Savings tax credit: an incentive to save for retirement

Many people struggle to carve out the funds they need to build their retirement nest egg. Fortunately, a non-refundable tax credit, called the Retirement Savings Contribution Credit, can make saving a lot easier. Often referred to as a savings credit, it provides qualified individuals with tax relief beyond the tax deductions they may receive from contributions to their Individual Retirement Accounts (IRAs) or employer-sponsored plans. By reducing taxes payable, the credit offsets the cost of funding a retirement account, thereby enhancing savings potential.

Key points to remember

  • The Saver’s Credit is available to eligible taxpayers contributing to an employer-sponsored retirement plan or a traditional and/or Roth IRA.
  • The amount of the credit is determined by several factors, such as an individual’s retirement plan contributions, tax filing status, and adjusted gross income (AGI).
  • This credit is not available to persons under 18, full-time students, or anyone declared as a dependent by another taxpayer.

What is the saver’s credit?

The Saver’s Tax Credit is a non-refundable tax credit available to eligible taxpayers who make salary deferral contributions to 401(k), 403(b), SIMPLE, SEP, or government sponsored 457 plans. the employer. It is also available to those who contribute to Traditional and/or Roth IRAs. As of 2018, contributors to tax-advantaged savings accounts for people with disabilities and their families (so-called ABLE accounts) became eligible for the savings credit.

Depending on income levels (see tables below), the credit is worth 10%, 20% or 50% of a person’s eligible contribution, but caps are in place. The maximum credit allowed for those filing as head of household is $2,000, while married couples filing jointly can claim up to $4,000. Refundable credits and the adoption credit are not factored into the equation.

Who is eligible?

To be eligible for the saver’s credit, an individual must be at least 18 years of age at the end of the applicable tax year. They cannot enroll as a full-time student and cannot be claimed as a dependent on another taxpayer’s return. Finally, the adjusted gross income (AGI) of an individual must not exceed the following limits:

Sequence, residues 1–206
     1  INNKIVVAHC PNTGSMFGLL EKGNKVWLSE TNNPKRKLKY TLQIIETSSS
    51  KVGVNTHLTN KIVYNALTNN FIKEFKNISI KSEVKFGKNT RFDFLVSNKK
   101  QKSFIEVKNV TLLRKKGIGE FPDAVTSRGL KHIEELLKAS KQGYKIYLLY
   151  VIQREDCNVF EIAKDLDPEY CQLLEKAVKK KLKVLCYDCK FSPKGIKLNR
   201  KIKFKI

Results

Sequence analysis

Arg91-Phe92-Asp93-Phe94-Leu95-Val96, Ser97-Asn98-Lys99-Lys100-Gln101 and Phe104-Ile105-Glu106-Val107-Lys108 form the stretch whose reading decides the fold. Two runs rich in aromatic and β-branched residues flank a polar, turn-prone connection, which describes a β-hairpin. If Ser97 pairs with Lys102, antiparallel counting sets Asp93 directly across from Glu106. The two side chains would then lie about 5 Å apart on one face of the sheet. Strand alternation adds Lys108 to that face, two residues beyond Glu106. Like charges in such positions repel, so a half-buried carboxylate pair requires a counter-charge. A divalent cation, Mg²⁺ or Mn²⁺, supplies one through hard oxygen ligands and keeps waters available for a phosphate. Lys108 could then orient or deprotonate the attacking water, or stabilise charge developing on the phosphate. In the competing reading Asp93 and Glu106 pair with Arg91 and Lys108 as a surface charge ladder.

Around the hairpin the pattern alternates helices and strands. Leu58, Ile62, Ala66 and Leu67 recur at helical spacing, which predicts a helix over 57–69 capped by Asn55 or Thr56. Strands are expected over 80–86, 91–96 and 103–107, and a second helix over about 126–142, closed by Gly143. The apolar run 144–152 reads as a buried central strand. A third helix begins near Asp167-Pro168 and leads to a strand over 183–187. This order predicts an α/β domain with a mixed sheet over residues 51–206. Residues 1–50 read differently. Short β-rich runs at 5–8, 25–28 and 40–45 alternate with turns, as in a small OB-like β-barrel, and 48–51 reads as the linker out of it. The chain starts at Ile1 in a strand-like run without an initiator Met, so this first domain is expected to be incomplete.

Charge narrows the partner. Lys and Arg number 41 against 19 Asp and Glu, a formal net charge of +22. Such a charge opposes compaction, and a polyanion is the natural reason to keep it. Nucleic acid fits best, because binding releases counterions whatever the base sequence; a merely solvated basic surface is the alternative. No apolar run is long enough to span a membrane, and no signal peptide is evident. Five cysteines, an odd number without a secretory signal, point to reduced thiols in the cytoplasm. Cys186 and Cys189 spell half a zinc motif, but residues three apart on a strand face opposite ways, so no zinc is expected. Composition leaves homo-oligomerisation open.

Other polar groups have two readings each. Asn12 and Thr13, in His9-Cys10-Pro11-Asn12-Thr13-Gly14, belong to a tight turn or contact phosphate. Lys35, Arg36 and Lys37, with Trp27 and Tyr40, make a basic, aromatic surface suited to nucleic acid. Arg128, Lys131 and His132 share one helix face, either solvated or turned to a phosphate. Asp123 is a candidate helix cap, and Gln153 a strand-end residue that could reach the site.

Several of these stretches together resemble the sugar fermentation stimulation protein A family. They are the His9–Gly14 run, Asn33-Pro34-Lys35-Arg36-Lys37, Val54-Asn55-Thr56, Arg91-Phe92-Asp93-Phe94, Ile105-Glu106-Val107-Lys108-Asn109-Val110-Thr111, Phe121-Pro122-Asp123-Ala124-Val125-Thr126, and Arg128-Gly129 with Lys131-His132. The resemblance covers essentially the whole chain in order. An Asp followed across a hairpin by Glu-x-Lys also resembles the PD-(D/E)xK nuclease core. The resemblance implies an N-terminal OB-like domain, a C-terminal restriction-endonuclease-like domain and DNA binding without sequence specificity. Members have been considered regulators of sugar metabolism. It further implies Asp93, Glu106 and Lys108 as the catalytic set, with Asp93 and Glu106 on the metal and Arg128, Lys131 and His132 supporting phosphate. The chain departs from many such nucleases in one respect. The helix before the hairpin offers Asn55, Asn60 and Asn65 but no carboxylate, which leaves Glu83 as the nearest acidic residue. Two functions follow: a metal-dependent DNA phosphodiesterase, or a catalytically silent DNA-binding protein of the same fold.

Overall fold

2022
Credit rate Married Filing Jointly head of household All other registrants
50% of your contribution AGI no more than $41,000 AGI no more than $30,750 AGI no more than $20,500
20% of your contribution $41,001 to $44,000 $30,751 to $33,000 $20,501 to $22,000
10% of your contribution $44,001 to $68,000 $33,001 to $51,000 $22,001 to $34,000
0% of your contribution Over $68,000 Over $51,000 Over $34,000
2021
Credit rate Married and files a joint return Files as head of household Other applicants
50% Up to $39,500 Up to $29,625 Up to $19,750
20% $39,501 to $43,000 $29,626–$32,250 $19,751 to $21,500
ten% $43,001 to $66,000 $32,251 to $49,500 $21,501 to $33,000
0% Over $66,000 Over $49,500 Over $33,000

As the charts above illustrate, the lower an individual’s AGI, the higher the saver’s credit.

For example, Jane, whose tax status is single, has an AGI of $19,200 for the 2022 tax year. She contributes $800 to her employer-sponsored 401(k) plan, plus $600 to her Traditional IRA. Jeanne is therefore eligible for a non-refundable tax credit of $700 [($800 + $600 = $1,400) × 50%].

The effect of the saver’s credit

Claiming a savings credit when contributing to a retirement plan can reduce an individual’s tax burden in two ways. First, the contribution to the plan itself is eligible as a tax deduction. Second, the saver’s credit reduces the actual taxes owed, dollar for dollar.

Consider the following example: Jill, a married salesperson, earned $38,000 in 2022. That year, she contributed $1,000 to her IRA, while her unemployed husband generated no income. After deducting his IRA contribution, the AGI shown on his joint return is $37,000. In this case, Jill is entitled to claim a 50% credit of $500 for this IRA contribution.

When is retirement savings not eligible?

Any money contributed to a retirement account that exceeds the authorized limit must be withdrawn from the account within a certain period of time. The returned part of the contribution is not eligible for credit by the saver. Similarly, if an individual changes jobs and consequently transfers money from one retirement account to another – say, from an employer-sponsored 401(k) to a traditional IRA – then that contribution is also ineligible for the saver’s credit.

The essential

The savings loan makes it possible to effectively increase an individual’s retirement savings power. Those who qualify for this credit and do not take advantage of this opportunity are wasting a simple way to add significant value to their nest egg.

About Larry Noble

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